With expectations of about 10 GW of utility-scale and 3 GW of residential solar in 2020, according to BNEF, the U.S. solar industry has been able to thrive despite unprecedented headwinds. Here’s a list of solar lessons learned in 2020.
Utility-scale solar shows its strength
If there’s one solar segment that can weather a pandemic, it’s utility-scale photovoltaics. Supply chains suffered some delays in the early days of the pandemic, but they’ve recovered and are now in full swing. It’s easier to socially distance on a 1,000-acre solar project than on a residential rooftop, and solar EPC firms like Rosendin and Swinerton are growing their renewables businesses as fast as they ever have.
IHS Markit finds that by the end of July 2020, the U.S. had installed nearly 6 GW of large-scale solar installations – 4 GW more than was installed by July of last year. Wood Mac forecasts that the number of solar projects larger than 120 MW commissioned in the U.S. will grow from 11 in 2019 to 32 in 2021.
The U.S. is estimated to have a utility-scale solar development pipeline of over 85 GW from 2020 through 2024.
So — despite a tariff on imports, a pandemic and some of the world’s most expensive utility-scale solar costs — 2020 should be the best year ever for big solar in the U.S.
Texas solar: look out, California
Texas is perfect for big solar. Although the state has no renewable portfolio standard, it does has Texas sun, lots of land and a deregulated and competitive energy-only marketplace. There’s also a developer-friendly permitting and interconnect process with real transmission capacity. Large Texas utilities, CPS Energy and Austin Energy, have RPS mandates.
A 2019 report from ERCOT found 43.5 GW of solar project applications in its interconnection queue, of which 5.1 GW had interconnection agreements and plans to complete construction by the end of 2020. Big Texas solar is forecast to grow from 4.6 GW to almost 14.5 GW over the next five years — second only to California in PV generation.
If you’re a growing utility-scale solar developer — you’re working in Texas.
Solar-plus-storage: hybrids everywhere
In 2019, 28% of utility-scale solar was paired with energy storage, according to Lawrence Berkeley National Laboratory.
That percentage is going to change very quickly.
“Everything in 2022 will have a storage component — the vast majority will have storage in 2021. Everything in California and the West, every contracted asset is going to have storage. We’re seeing the scale go up and cost go down — and we understand how to monetize it — it’s here to stay.” That’s the word on solar-plus-storage, according to Swinerton CEO George Hershman.
Battery retrofits on existing solar projects will only add to the ascendance of the hybrid renewable plant.
Import tariffs here a bit longer
The Section 201 tariff exemption for imported bifacial solar modules was repealed in November, meaning bifacial panels are now subject to a 20% penalty — the same tariff imposed on almost all imported crystalline silicon solar panels since 2018. The tariff is scheduled to drop to 18% in February of next year.
The Solar Energy Industries Association (SEIA) is opposed to these tariffs. In a recent press briefing, Abigail Ross Hopper, CEO of the trade organization, said, “We are asking President-elect Biden to remove those tariffs a year early.”
Although tariff relief is on the solar industry wish list, President-elect Biden, in an interview with The New York Times, said he would not act immediately to remove the tariffs that Trump imposed on about half of China’s exports to the U.S. “I’m not going to make any immediate moves, and the same applies to the tariffs,” he said. “I’m not going to prejudice my options.” Biden first wants to conduct a full review of the existing agreement with China and consult with our traditional allies in Asia and Europe, he said, “so we can develop a coherent strategy.”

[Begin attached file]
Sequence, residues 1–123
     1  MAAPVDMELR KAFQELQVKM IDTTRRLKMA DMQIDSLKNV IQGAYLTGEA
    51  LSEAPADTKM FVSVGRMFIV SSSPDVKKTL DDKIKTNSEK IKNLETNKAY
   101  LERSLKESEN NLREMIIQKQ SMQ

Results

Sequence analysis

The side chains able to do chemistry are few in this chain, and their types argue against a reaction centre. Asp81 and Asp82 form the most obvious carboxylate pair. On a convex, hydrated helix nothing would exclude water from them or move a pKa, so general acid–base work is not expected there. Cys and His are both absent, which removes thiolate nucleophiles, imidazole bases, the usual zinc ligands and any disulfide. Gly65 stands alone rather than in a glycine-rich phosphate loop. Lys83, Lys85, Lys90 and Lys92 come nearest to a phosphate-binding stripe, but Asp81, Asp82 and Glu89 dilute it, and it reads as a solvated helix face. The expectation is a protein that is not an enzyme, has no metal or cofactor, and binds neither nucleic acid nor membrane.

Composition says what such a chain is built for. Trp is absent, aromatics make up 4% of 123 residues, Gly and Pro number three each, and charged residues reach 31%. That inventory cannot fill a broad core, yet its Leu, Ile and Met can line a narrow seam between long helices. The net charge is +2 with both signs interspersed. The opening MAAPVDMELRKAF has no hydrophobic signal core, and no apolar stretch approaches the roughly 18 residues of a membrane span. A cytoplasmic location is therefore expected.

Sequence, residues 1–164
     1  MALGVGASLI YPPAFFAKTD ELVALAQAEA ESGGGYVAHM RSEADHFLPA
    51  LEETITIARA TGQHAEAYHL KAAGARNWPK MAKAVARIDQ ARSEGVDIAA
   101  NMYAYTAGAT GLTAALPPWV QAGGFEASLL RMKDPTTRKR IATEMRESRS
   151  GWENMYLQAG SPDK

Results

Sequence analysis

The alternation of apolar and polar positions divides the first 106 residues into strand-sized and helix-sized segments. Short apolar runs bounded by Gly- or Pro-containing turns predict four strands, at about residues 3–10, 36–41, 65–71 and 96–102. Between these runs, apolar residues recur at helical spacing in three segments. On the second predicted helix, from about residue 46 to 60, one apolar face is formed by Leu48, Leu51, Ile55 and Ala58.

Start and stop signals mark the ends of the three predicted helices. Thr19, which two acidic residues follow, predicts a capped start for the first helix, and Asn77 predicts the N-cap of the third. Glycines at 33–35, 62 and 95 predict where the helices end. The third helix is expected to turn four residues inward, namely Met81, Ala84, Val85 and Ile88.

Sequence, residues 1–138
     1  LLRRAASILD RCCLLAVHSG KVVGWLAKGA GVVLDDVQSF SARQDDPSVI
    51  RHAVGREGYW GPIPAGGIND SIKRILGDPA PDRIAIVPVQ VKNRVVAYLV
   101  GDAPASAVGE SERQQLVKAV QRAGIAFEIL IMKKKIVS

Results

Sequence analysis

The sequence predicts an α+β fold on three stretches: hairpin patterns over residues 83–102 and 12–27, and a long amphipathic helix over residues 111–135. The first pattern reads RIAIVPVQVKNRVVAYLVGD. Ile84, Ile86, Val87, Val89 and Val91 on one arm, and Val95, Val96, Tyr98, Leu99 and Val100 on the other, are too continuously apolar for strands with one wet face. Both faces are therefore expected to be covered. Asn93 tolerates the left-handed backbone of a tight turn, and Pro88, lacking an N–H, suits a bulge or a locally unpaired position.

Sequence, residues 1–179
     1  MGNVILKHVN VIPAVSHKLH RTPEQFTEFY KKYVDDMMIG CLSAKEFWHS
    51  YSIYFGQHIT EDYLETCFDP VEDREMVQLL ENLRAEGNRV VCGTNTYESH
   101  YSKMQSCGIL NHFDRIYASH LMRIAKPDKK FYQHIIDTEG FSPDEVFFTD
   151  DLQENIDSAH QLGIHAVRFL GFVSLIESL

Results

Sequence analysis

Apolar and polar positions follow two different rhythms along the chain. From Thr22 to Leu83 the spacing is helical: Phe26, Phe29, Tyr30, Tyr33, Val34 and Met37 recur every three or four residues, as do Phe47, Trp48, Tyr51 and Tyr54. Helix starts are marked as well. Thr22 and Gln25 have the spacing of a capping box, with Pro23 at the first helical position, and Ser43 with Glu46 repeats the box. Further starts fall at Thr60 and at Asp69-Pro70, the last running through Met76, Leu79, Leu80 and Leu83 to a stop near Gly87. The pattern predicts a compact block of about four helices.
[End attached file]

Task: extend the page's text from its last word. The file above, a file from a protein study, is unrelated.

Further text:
In the second quarter, the average sales price of a monofacial PERC module in the U.S. market stood at $0.35/W, while the price outside the country fell to $0.23/W, according to IHS Markit.
Array Technologies goes public with a traditional IPO
This year witnessed a rarity — a solar hardware IPO.
Array went public the traditional way — rather than the SPAC route, common these days for venture-funded startups, cleantech and otherwise. Unlike many of the the SPAC companies, Array Technologies is actually growing its revenue and income in 2020 with expected 2020 revenues in the range of $845 million to $865 million.
Array is the No. 2 global solar tracker maker, behind Nextracker and ahead of PV Hardware, according to Wood Mackenzie. Trackers represent between 10% and 15% of the cost of building a ground-mounted solar energy project, and 70% of all ground-mounted solar projects constructed in the U.S. in 2019 used trackers according to BloombergNEF and IHS Markit, respectively.
Software, Sunrun eat the residential solar world
It took a pandemic, but the U.S. residential solar (and storage) industry has finally figured out how to lower customer acquisition costs — move everything online.
Over the course of this strange year, U.S. residential solar companies such as Sunrun, Vivint, Sunpower and Tesla claimed they could weather the Covid-19 storm with remote selling and new online strategies.
It turns out they were right.
BloombergNEF is forecasting that Americans will install a record 3 GW of solar on the roofs of their homes. BNEF forecasts another 3.6 GW to be installed in 2021.
The combination of online sales strategies and a new set of homebound, energy-curious customers has enabled the market to grow in a cataclysmic year. As we’ve reported, Covid-19’s sudden arrival put resiliency at the forefront of people’s minds and accelerated adoption of digital sales practices.
“We’re seeing a lot of success in the conversion to digital sales,” said Sunrun CEO Lynn Jurich in a quarterly earnings call. “We’ve taken how the industry would have evolved – probably in two years – and we’ve done it in a month. I’m very encouraged by this transition and what it can mean for acquisition costs.”